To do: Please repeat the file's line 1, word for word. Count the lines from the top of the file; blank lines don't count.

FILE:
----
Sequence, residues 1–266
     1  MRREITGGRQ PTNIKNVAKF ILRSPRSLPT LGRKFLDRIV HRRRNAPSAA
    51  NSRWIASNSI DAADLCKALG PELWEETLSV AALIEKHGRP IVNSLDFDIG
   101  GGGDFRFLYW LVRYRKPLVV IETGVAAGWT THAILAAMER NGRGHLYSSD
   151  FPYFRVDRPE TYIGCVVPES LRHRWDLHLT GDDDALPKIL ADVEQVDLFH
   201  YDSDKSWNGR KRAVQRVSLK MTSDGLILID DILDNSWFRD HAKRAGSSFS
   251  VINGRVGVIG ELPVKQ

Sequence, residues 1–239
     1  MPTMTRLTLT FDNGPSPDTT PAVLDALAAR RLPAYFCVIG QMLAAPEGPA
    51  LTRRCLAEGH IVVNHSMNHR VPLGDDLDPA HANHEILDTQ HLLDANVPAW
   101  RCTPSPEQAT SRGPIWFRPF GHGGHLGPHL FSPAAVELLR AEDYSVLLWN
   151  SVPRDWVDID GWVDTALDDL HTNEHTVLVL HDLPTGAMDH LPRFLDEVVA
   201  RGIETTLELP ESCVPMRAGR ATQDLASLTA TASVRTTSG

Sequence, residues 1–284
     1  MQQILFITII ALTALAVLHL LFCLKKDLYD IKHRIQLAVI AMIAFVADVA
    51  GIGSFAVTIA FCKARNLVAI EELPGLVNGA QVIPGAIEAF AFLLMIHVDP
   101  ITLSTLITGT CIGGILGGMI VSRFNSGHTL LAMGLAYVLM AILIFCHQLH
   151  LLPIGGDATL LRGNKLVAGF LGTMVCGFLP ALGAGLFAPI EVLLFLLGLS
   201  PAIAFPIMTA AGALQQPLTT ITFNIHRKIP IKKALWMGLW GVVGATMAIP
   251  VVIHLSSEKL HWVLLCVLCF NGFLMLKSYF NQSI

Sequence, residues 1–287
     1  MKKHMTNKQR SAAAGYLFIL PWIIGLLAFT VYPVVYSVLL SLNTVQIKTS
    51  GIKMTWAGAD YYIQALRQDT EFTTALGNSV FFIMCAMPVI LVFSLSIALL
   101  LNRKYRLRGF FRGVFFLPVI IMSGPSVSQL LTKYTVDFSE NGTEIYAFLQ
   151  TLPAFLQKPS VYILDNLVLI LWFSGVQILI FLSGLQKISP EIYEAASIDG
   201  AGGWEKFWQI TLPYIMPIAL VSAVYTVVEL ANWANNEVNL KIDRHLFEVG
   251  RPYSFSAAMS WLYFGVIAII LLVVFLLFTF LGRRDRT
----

Sequence, residues 1–266